My process generally looks a bit like this:
1. Features. With pencil and paper, lay out the distinct features / pages that will comprise the site. This gets at the broad stroke questions - are you building a simple info and graphic site for your mom? an ecommerce solution for a small business? a blog / gallery for a photographer friend? Your answer will determine a lot about the build path you will need to follow. This stage may also involve considerable discussion with a client or whomever is driving the boat (if it isn't you).
2. Wireframe. With all necessary features laid out, work up a wireframe. Either on paper or with a tool like fireworks that will allow you to build in very simple navigational functionality. If you are working with a CMS like wordpress, how is your static content going to be handled? This might also be a good time to start thinking about file structure. If your project will need a custom database, now is also the time to start planning its design and implementation. This is a critical stage, as smart planning will save a lot of backtracking and reworking, should errors get made, or the project creep happens.
3. Technology. Once the planning stage is relatively worked out - pick your technologies. Are you doing straight html? a php cms in a lamp environment? .net mvc storefront? These questions may influence what hosting environment will be required, as well as costs to run the thing. If you are doing a storefront, security is a primary concern here (SSLs and PCI compliance, for example). Make sure you have a great testing environment (localhost, or otherwise) established.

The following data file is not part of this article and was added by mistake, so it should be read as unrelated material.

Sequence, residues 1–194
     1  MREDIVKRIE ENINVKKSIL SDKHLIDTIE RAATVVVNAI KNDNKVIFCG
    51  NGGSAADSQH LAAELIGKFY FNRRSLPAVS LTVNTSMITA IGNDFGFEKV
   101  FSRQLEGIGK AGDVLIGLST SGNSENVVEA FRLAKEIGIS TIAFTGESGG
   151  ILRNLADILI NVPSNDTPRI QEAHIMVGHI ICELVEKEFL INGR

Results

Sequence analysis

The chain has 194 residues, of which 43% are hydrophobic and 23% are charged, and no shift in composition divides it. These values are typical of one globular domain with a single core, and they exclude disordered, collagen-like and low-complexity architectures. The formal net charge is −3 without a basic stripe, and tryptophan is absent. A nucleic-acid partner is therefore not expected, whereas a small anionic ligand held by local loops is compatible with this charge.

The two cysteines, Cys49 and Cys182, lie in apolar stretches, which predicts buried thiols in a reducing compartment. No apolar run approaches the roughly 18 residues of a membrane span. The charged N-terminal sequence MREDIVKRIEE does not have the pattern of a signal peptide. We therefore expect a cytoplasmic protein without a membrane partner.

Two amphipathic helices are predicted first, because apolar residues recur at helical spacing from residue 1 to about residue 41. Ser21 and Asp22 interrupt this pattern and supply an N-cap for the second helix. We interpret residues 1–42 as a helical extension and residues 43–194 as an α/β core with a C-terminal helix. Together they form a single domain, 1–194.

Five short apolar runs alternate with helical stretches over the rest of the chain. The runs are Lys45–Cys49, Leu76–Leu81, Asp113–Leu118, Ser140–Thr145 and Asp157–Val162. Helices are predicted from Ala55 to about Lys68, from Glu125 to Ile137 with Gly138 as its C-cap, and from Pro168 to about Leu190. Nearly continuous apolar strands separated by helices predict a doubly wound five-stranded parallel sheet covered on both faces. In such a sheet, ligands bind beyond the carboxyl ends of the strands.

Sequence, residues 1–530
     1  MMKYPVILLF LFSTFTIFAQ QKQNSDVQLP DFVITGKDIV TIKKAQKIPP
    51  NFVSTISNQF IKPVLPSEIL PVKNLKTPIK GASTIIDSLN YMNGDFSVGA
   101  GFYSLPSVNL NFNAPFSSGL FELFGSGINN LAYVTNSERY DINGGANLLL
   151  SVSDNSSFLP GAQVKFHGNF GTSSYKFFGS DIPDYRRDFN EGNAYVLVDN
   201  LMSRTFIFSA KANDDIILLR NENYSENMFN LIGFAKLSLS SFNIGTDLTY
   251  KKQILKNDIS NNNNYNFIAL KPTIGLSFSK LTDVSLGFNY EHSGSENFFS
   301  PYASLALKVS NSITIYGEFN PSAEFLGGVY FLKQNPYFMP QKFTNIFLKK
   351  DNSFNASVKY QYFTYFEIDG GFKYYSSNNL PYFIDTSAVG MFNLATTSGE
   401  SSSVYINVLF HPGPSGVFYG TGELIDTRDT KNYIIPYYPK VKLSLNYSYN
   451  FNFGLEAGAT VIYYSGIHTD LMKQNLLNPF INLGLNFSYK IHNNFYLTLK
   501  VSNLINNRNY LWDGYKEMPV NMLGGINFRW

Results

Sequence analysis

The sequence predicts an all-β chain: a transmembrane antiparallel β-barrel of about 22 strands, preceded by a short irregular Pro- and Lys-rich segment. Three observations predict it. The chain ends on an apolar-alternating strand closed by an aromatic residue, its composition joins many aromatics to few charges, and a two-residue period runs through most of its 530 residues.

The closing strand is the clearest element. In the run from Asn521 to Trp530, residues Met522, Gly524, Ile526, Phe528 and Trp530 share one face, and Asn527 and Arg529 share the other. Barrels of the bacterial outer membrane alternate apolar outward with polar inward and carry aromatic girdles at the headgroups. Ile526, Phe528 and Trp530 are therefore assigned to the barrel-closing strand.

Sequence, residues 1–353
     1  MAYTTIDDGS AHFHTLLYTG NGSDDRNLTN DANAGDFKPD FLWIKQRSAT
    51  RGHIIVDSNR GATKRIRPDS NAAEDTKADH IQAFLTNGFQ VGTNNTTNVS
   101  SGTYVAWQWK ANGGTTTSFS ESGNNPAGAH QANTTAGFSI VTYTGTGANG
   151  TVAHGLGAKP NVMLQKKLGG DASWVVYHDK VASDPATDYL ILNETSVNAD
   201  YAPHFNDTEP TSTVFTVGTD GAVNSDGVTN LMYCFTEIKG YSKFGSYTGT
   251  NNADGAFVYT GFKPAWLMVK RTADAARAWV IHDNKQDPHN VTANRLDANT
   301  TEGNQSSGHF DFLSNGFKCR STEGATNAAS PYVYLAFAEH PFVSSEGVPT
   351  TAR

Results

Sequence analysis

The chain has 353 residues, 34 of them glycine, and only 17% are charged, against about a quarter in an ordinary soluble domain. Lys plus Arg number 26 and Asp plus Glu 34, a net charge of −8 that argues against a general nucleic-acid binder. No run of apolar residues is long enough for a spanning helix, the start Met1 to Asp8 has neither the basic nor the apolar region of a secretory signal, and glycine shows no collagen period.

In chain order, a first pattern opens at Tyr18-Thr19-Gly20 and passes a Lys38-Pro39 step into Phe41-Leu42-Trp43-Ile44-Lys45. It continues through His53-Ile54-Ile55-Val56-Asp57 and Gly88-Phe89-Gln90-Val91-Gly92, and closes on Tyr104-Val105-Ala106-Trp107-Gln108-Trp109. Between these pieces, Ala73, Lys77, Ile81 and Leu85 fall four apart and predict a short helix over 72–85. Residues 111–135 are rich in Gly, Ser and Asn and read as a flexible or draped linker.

4. Design / Layout. When your feature list and wireframe is pretty well determined, you can start thinking about the design of the site. Knowing what is going to fill the pages is, obviously, a pre-requisite. I like to work in photoshop, and make heavy use of folders as an analogue to your markup structure. I go so far as to name them with the intended markup and css identifiers. Though its probably wise to do some free form drawing before you get really detailed. I tend to make use of "layout" files that I will pull elements from, and place into "process" files - files that i use to output production graphics.
5. Markup / CSS. Once a pretty clean design is worked out (given that it will certainly flex a bit, as you go into production mode) you can start writing markup. I generally like to have a standard layout that will accommodate all content in the site. So - clean and flexible should be the key point here. Layout markup should be fairly complete before you start writing CSS, but I find they do a lot to inform eachother. You also will do a lot of SEO optimization in this stage (proper naming of images or A tags, meta info, doctypes etc...) Be thorough.
5.1 Theme Management. If you are working with a CMS, and your design will be employed as a customized theme, find some tutorials on how exactly to do that for your intended application. This can be daunting, frankly ;) I will always build a static markup layout with fairly complete CSS prior to chopping it up into theme elements.
7. Content. Unless the design is reliant on content (images are sometimes content, for example) = I generally use placeholder text/graphics until the design and behavior is pretty well established. Avoid doing work more than once. If you are filling in product data, careful error checking and testing will be required.
At that point, there always seems to be a period of reworking and fixing and polishing. But, essentially, its time to make it live. Then go have a snack.
Hmmm. I guess thats more than just "how to start". But maybe it helps, anyway. Good luck!